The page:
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Barrier Activity: Fun Games with Limited Supplies Needed

One thing I love about working so closely with other disciplines at KidSense is how easily we bounce ideas off of each other. My fellow co-worker, Ms. Katharine, told me about a “barrier activity” she had tried with some of her speech therapy clients. We then adjusted the game to work towards my client’s occupational therapy goals and realized how many different senses/skills we can target.

A barrier activity can be described as a game where there is an occlusion between players. The most commonly played way is when there is a physical barrier (i.e. an easel) that blocks a player’s view, requiring them to use their verbal communication skills to complete a task. Barrier activities have become an engaging tool I’ve been incorporating into my sessions that target a variety of skills as you will see outlined below. The best part is you can easily adjust the game to target different skills using different senses! The following segments outline the various versions and how they focus on different senses of the body. 

Auditory Version

Targets following information filtered through the auditory system, by giving instructions verbally.  

Supplies Needed: Paper, pencil, a barrier between players (if needed), 2+ players

How to Play:  All players must sit with vision occluded from each other (i.e. placing something between them, backs facing each other) so that players cannot see each other’s drawings. Each player takes a turn giving an instruction (i.e. “draw a semi-circle in the middle of the page, draw 3 lines under the semi-circle, draw 5 stars on the left side of the page”). There is a limited amount of talking allowed between turns (no clarification questions) as it makes it more fun at the end during the reveal. At the end of the game, players reveal their drawings and compare the similarities and differences. The results often include lots of laughs as well as opportunities to analyze how the directions were provided/interpreted. Players are able to give each other feedback and apply strategies to increase accuracy in subsequent trials. 

Depending on how specific the instruction is (i.e. giving spatial concepts of “above” “below”, “to the right of”, etc.) it will likely affect how alike or different the drawings are. Therapists will often play as well to show how silly the picture can look by taking every instruction literally. The group then discusses how we all may interpret instruction differently, and how important it is to be specific when giving instruction.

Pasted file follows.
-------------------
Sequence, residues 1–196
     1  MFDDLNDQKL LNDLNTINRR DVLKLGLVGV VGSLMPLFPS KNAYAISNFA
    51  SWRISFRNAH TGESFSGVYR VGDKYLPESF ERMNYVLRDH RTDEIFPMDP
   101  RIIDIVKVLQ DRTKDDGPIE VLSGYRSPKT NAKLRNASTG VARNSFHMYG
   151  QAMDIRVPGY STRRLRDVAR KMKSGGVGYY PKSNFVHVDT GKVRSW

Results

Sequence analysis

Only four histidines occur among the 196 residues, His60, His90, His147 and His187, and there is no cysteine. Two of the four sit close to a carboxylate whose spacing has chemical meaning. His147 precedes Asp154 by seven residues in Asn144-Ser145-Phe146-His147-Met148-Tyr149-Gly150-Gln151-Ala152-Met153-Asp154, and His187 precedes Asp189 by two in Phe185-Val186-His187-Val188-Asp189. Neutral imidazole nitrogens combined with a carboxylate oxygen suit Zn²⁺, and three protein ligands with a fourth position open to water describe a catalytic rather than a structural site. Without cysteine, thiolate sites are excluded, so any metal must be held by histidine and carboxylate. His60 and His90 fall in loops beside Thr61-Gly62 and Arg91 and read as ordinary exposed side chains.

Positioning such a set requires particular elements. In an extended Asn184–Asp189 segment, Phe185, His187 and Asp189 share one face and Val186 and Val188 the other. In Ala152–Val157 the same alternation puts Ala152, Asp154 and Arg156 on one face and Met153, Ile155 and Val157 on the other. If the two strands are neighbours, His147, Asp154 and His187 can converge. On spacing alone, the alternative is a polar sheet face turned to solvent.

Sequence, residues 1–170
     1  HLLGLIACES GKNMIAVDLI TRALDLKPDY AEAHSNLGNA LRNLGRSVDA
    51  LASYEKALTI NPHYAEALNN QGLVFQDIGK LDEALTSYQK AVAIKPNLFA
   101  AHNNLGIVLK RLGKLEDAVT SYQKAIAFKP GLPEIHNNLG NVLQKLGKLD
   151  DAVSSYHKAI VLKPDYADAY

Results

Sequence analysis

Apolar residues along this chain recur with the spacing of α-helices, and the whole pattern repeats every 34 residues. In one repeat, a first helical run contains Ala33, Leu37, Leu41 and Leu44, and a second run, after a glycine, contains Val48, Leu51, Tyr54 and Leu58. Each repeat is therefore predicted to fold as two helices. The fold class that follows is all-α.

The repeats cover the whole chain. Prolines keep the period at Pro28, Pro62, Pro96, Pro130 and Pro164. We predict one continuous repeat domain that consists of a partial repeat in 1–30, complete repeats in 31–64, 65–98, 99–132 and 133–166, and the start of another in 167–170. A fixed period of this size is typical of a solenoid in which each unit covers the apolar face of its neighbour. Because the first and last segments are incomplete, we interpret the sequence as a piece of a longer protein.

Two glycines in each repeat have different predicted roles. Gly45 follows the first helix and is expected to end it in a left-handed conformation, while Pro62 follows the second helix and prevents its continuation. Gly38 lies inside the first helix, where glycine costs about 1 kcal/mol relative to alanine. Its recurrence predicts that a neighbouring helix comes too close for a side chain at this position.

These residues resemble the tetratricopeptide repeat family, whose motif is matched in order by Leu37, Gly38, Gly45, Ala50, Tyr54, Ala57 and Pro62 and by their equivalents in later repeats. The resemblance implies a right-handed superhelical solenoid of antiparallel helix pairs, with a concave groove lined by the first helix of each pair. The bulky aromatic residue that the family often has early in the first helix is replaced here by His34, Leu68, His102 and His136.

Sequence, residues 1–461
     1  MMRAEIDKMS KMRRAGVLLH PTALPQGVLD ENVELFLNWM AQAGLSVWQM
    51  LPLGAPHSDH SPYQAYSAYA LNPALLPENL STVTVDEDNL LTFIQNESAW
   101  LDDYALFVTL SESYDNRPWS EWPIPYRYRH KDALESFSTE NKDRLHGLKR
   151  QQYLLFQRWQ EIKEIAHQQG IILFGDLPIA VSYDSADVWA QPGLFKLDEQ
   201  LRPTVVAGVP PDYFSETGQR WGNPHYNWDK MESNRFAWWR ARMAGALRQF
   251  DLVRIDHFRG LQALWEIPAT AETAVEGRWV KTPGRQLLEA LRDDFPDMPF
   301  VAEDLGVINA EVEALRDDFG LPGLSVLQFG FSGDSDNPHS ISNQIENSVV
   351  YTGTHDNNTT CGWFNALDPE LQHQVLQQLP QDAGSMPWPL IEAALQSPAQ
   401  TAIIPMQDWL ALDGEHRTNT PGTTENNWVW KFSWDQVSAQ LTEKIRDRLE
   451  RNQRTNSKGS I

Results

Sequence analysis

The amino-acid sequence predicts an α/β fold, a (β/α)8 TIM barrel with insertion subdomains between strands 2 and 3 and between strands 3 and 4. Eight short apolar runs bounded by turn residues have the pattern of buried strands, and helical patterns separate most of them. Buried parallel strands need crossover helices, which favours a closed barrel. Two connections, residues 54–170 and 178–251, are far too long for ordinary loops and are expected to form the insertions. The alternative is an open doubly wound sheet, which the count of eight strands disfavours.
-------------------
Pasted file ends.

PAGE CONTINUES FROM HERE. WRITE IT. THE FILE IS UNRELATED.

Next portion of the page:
Grade Up/Down: You can adjust this game for younger children by allowing clarification questions, showing samples of how to draw the shapes on another sheet of paper, and giving 1 step directions. You can grade this game up by giving multi-step instructions (“draw an arrow to the heart and then draw 3 circles under the heart”) and using more advanced spatial terms and inclusionary language ( “above the heart but below the square”).

Tactile Version: Targets following information filtered through tactile (light touch) input

Supplies Needed: Paper, pencil, 2 players

How to Play:  Player 1 uses their finger to “draw” on Player 2’s back. Player 2 uses pencil and paper to draw what they visualize is being drawn on their back.

Grade Up/Down: You can grade this activity down by drawing one shape at a time, or grade it up by drawing multiple shapes to create a picture or scene.

Vision Version

Targets following information filtered through visual input

Supplies Needed: Copy of pre-written instructions, pencil, and paper for each player

How to Play: Player 1 writes directions out for other players and the remaining players use the written instruction to complete the picture.

Two options:

  1. An adult can write instructions first and make some very specific, and others vague to adjust the game.
  2. Kids can play it themselves and practice using spatial terms, letter formation, spelling, and more.

Grade Up/Down: You can grade this activity down by giving them one instruction at a time and covering the other steps. You can grade this activity up by having the players follow multi-step directions (i.e. draw a line next to the circle and two stars next to the line).

OT Skill Areas Addressed During Barrier Games

  • Visual Motor Skills
    • Integrating the visual and motor systems to draw a variety of shapes
  • Fine Motor Skills
    • Practicing holding the pencil correctly when drawing
  • Executive Functioning
    • Visual planning & organization (verbalizing what you want the other players to draw)
    • Making visualizations (picturing in head before writing it down)
    • Sequencing (multiple steps being given at once)
    • Working memory (being able to hold onto the instructions)
    • Long term memory (remember right versus left, how to draw certain shapes)
  • Social Cognition
    • Taking turns
    • Interpreting information being given by peer
    • Verbalizing instruction to peers

If you look at the pictures below you may be wondering why some share similar features while others look completely different. Although each person was following the same set of instructions the way they interpreted the instruction affected the outcome of their drawing, which is part of what makes this activity so much fun! 

Game Samples:

Drawing for Kids
Hurray for Play

Recommended Reading

Get Kids Moving Using Technology


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